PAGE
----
The Arizona Republican Party is facing backlash after asking supporters if they're prepared to give up their lives to help overturn election results.
As pointed out by AZCentral, the state's GOP group posed the question via Twitter on Monday night, when responding to a tweet by Republican activist Ali Alexander, a leader of the pro-Donald Trump "Stop the Steal" movement. Its followers have conducted multiple rallies across the country, claiming POTUS was cheated out of a consecutive term through so-called "voter fraud." Trump and has team have consistently pushed false claims to undermine the legitimacy of the 2020 election results. The Trump campaign has also pursued legal action in a several battleground states—including Arizona—in an effort to overturn the results that favored president-elect Joe Biden.
"I am willing to give up my life for this fight," Alexander wrote.
The Arizona GOP's verified Twitter account quote-tweeted Alexander's message with the question: "He is. Are you?"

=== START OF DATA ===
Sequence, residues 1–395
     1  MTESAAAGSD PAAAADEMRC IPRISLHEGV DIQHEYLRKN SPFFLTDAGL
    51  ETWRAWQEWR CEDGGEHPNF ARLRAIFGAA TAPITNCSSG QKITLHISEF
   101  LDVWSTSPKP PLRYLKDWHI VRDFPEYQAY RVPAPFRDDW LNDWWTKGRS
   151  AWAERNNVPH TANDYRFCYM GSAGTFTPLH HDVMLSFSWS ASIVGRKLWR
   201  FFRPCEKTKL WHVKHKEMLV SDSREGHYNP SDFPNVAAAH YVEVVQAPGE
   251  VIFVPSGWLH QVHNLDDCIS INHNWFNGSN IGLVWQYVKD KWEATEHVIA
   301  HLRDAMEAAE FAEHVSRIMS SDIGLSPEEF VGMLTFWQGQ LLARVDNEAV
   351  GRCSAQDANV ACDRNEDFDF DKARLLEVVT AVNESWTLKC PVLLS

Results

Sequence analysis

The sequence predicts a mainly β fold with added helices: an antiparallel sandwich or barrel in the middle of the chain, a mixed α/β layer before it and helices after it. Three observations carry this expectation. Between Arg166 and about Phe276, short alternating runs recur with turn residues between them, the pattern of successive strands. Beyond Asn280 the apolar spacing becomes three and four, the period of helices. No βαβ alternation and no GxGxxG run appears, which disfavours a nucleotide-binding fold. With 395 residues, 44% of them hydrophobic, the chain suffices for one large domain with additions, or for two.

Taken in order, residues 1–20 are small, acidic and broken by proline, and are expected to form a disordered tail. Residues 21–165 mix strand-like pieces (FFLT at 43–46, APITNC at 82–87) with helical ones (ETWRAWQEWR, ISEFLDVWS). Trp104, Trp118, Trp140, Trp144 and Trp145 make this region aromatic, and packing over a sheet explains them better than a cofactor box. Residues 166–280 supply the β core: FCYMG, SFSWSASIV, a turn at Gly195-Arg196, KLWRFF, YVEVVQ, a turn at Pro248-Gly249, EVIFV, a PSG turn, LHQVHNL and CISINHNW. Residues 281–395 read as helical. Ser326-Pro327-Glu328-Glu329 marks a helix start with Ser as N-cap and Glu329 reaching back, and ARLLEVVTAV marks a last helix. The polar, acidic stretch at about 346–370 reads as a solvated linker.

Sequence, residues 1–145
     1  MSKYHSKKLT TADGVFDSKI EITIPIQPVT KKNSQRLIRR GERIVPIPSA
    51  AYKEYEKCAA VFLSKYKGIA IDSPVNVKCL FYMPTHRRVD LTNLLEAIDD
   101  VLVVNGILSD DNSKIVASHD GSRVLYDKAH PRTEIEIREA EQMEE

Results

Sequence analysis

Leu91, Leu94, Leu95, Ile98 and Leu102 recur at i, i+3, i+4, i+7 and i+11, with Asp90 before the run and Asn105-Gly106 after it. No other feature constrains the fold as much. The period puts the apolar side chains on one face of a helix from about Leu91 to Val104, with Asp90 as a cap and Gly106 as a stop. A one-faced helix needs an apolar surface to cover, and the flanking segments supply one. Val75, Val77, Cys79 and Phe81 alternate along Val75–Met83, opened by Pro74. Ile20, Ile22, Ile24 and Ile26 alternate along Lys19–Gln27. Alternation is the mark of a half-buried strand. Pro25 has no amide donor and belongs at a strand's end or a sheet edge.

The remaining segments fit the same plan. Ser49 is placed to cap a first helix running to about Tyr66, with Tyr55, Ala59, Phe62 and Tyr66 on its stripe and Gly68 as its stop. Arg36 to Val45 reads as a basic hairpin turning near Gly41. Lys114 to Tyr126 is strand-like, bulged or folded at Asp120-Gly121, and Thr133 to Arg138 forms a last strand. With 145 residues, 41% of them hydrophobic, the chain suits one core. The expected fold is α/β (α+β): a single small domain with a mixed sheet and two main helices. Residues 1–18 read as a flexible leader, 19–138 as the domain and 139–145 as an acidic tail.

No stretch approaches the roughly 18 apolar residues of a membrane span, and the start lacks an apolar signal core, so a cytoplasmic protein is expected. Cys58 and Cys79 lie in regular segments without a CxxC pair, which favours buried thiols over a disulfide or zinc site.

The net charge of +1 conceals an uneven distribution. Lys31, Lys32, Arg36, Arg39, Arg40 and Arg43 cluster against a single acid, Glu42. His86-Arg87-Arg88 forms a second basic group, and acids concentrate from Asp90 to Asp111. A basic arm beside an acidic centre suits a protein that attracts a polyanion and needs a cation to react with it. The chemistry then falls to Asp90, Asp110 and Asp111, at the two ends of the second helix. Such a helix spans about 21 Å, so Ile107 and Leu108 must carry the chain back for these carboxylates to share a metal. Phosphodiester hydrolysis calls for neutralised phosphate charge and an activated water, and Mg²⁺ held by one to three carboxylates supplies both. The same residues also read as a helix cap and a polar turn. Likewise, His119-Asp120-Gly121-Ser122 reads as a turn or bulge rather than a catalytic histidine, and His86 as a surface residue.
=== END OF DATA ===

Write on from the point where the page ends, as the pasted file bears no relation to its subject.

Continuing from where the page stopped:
According to AZCentral, the official account followed up the question with a video clip from the 2008 movie Rambo. The video shows the titular character, played by Sylvester Stallone, stating: "This is what we do, who we are. Live for nothing, or die for something." That tweet has since been deleted.
Arizona's Republican governor, Doug Ducey, seemingly responded to the controversial tweet on Wednesday. He didn't specifically mention the state's GOP, but emphasized that the Republicans are "the party of the Constitution and the rule of law."
Political figures and constituents, from both sides of the aisle, have criticized the Arizona Republican Party for suggesting people should put their lives on the line for Trump and a debunked conspiracy theory. Many also slammed the tweet as veiled call for political violence.
"If you guys need me to jump in and take over your twitter account for the day so you're not nationally trending for embarrassing reasons, I'm here," Meghan McCain tweeted in response to the Arizona Republican Party.
"You're asking people to die for this conspiracy theory?" wrote Arizona State Sen. Martín Quezada (D-Maryvale). "What in the living hell is wrong with you people?"
You can check out other responses to the Arizona GOP tweet below.